Intro: Stackable Shop Storage Boxes
This week, I built a 8 box set of stackable makerspace boxes. This design can be accomplished using three power tools (router, miter saw and jigsaw) and the design can be adjusted to fit your space and needs.
The dimensions given work for boxes made with 3/4″ plywood. If you use thicker or thinner plywood for the sides, your dimensions will change. Double check your measurements before cutting.
Step 1: Materials & Tools
- 4” x 48” strip of 3/4” thick plywood. This can be substituted with 1” x 4” or 1” x 6” common pine from the lumberyard or big box store. The width of the plywood strip determines the height of each individual box. 3” to 6” works well.
- 11 1/2” x 11 1/2” square section of 1/4” thick plywood. Again, use whatever plywood is thin and cheap in your area.
- Nails or screws.
- Wood glue
- Suggested Hand-Held Power Tools: Circular saw, jig saw, miter saw, router.
- Suggested Bench-Top Tools: Table saw, scroll saw, miter saw, router.
- Combo square
- Measuring Tape
- Flush-cut saw
- Hammer or Screwdriver with appropriate bit.
Step 2: Milling & Dimensioning
If necessary, use a table saw or circular saw and guide to break down your plywood into 4”-wide strips and 11 1/2”-wide x 11 1/2” tall squares. If neither of these tools are available, big box stores will often trim plywood to appropriate size using a panel saw. You can also look to join your local makerspace.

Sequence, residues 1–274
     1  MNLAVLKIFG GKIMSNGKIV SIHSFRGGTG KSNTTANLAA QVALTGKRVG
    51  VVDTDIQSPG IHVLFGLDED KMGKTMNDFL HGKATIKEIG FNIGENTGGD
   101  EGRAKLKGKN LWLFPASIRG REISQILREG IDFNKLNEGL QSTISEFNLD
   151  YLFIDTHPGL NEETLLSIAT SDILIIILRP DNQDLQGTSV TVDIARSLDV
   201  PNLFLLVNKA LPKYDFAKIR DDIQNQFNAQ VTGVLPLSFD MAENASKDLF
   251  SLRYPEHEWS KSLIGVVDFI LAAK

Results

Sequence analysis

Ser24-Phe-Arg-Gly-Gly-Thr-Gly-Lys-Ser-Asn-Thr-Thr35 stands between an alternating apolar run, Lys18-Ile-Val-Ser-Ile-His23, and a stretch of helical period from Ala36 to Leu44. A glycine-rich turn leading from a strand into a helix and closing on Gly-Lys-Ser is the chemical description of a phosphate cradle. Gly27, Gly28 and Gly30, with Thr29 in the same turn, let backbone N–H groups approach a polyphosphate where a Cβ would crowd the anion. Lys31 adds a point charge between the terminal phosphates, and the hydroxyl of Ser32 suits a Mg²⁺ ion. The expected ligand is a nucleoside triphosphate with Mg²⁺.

Using a powered miter saw or hand saw and miter box, cut the 4”-wide strip to length. Crosscut 2 sides at 12 1/4”. Crosscut the front and rear at 10 3/4”.
Step 3: Layout of the Handle Cutout
Use a compass and combo square to lay out an appropriate looking curve to become the handle.
Use a scroll saw, coping saw or jig saw to cut out the handle.
Step 4: Joinery
Using a hand-held router & guide or a router table, plow a 3/8”-tall x 3/8”-wide rabbet into each side of the box. Then, adjust the fence or guide to cut a 3/8”-tall x 5/8”-wide rabbet.
Flip the piece over and plow the rabbet. The side view should resemble a Z or that really annoying Tetris piece that makes me lose all the time. Check the picture for clarification.
Step 5: Assembly
- Using hammers and nails, nail guns and brads, or a drill and screws, fasten one side to the front and rear. Check out my Bread Box to see how to clamp the box safely.
- Orient the boards so the small rabbet of each side faces outside the box and lines up. The larger rabbet should face the inside of the assembly and match also.
- Fasten the remaining side to the front and rear, forming a square.
- Trim the protruding ends of the small rabbet so the box will stack.
- Nail the bottom to the assembly.
Step 6: Sand and Finish
Sand and finish as desired.